Who’s St Patrick?Posted: 17 Mar 11 | By: NG Team
The 17th of March may well be the greenest day of the year, with big cities and small towns alike arranging green parades, dressing up as leprechauns, singing about clovers, and munching on Irish food. Some communities even dye their rivers and streams green! Over the years, St Patrick’s Day has become a celebration of Irish culture…but the question is: Who was St. Patrick?
“I was about sixteen years old and did not know the true God”, St. Patrick begins his biography, a fantastic story about an ordinary teenager at the beginning of the 5th century. Young Patrick’s parents were believers, but Patrick broke away from his Christian upbringing. One night when his parents were away, 16-year old Patrick and a number of people were taken and brought on board a ship to be sold as slaves. Patrick had heard of the raids and Irish slave-dealers before, and he’d heard of the druids and their dark powers. He’d also heard that nobody taken as a slave had ever come back.
Days and months passed by, and Patrick adjusted to taking care of the sheep on a farm, realising he’d probably be a slave forever. At the same time, something else started to happen inside of him… God started knocking at his door again. Patrick tells “the love of God and His fear grew in me more and more. I used to get up and pray before dawn -in rain, frost and snow- and the Spirit inside of me was burning!” His faith was strengthened and one night he heard a voice in a dream saying ‘Soon you will depart for your home country. Behold, your ship is already ready”. The next night he fled the farm and walked more than 200 miles back to the Irish coast. When he got to the sea, Patrick jumped aboard a ship about to leave the shore. Shortly after, he found himself on English soil again, safe and sound, which is where the story takes an unexpected turn.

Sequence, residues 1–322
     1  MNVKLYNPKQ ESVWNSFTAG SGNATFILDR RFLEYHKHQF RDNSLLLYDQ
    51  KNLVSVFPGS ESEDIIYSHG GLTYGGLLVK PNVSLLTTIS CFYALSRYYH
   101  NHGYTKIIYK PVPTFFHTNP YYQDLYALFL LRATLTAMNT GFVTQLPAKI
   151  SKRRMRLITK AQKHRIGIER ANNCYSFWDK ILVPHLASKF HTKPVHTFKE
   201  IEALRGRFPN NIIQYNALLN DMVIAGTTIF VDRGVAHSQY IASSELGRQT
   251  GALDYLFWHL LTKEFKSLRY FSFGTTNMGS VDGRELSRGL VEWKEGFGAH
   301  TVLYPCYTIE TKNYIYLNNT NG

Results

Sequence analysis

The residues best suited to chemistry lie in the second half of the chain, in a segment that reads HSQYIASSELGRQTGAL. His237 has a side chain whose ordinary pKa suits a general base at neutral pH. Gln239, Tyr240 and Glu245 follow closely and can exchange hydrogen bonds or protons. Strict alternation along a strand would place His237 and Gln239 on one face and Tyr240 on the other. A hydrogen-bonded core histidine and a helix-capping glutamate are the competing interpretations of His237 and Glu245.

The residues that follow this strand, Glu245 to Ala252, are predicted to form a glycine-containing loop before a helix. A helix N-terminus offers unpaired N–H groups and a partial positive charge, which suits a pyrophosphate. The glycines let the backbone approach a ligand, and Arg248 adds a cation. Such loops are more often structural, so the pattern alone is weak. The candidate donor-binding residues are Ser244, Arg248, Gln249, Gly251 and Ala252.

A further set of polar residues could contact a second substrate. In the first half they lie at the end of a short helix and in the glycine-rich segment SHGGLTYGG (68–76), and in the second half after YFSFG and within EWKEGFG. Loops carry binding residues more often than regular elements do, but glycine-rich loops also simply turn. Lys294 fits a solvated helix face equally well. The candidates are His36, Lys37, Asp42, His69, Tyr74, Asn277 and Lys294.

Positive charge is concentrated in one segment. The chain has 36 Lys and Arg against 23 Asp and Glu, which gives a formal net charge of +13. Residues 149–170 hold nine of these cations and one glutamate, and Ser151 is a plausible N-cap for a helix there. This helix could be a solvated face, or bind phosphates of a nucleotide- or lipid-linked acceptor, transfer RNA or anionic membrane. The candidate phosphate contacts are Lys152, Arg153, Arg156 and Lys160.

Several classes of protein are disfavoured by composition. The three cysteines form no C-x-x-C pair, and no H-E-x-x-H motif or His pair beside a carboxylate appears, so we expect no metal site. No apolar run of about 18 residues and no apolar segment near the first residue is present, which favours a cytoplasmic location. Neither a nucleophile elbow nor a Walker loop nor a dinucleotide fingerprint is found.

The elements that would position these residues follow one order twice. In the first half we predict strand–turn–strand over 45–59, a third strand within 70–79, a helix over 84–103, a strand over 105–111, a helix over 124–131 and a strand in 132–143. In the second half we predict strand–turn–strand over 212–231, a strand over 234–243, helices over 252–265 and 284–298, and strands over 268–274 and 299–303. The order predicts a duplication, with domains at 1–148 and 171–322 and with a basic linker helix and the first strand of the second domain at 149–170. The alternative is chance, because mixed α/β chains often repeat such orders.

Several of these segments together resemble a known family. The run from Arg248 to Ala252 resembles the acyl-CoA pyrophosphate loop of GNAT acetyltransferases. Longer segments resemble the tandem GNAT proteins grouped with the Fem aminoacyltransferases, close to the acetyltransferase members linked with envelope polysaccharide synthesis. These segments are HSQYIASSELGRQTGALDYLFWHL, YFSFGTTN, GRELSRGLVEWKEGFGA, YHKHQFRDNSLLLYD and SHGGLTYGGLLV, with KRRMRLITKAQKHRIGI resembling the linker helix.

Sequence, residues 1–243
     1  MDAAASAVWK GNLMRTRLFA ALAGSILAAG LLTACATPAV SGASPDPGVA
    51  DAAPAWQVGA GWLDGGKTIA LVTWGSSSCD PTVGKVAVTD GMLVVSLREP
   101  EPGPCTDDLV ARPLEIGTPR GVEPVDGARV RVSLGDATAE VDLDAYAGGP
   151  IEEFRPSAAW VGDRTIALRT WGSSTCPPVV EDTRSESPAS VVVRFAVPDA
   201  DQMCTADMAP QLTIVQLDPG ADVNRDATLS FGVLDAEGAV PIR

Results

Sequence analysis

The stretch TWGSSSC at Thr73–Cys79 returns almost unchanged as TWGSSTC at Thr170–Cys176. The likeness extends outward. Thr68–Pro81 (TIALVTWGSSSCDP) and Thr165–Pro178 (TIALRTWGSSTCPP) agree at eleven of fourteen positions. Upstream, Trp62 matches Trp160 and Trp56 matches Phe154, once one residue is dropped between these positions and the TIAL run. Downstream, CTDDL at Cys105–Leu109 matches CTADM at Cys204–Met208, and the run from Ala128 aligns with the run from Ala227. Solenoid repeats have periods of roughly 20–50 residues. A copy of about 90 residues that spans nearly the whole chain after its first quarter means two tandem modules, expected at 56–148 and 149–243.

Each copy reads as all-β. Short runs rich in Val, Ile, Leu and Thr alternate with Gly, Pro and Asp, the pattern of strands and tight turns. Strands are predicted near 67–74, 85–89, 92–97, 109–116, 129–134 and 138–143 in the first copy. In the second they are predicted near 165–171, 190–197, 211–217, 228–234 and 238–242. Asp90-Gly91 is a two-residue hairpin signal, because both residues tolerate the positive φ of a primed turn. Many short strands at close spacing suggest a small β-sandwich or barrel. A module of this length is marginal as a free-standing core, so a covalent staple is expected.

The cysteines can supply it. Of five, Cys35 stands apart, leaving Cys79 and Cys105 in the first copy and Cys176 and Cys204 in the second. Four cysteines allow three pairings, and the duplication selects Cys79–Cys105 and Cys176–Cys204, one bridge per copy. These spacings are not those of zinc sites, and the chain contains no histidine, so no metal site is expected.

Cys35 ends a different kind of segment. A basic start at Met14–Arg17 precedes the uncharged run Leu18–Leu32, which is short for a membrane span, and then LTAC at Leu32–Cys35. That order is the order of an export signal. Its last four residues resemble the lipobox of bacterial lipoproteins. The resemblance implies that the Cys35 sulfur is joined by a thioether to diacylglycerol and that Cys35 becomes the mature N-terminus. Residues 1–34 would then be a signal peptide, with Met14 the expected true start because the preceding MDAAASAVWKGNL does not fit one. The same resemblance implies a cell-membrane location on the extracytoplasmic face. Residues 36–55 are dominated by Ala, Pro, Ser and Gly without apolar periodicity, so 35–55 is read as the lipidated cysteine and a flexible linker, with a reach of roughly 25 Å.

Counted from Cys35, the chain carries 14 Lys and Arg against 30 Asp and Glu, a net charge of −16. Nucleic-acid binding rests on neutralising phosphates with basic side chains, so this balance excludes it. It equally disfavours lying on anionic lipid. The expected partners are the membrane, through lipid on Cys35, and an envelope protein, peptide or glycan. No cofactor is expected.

There, on the very first night back in his parent’s home, Patrick had a peculiar vision in his sleep. He saw an Irish man of his own age who was looking at him saying “we beg you, holy youth, that you shall come and shall walk among us.” Patrick asked himself: Didn’t I just flee from Ireland? Didn’t God just save me from there? Why on earth would I go back, and even if I was willing, why would God want me to go back so soon? Left with a difficult decision to make, Patrick didn’t hesitate, but instead decided to obey. He immediately started planning his return to the land, and the rest is history.
Patrick preached the gospel of Jesus his whole life, challenging druids, winning people for God, planting churches, and setting captives free. Upon reaching old age, he looked back on the country where he was once a slave and concluded his own life with the words: “So is it that in Ireland, where they never had any knowledge of God but, always, until now, cherished idols and unclean things, they are lately come a people of the Lord, and are called children of God.”
Today Patrick is one of the most famous people of Ireland, and the day of his death is celebrated as the national day “St. Patrick’s Day”.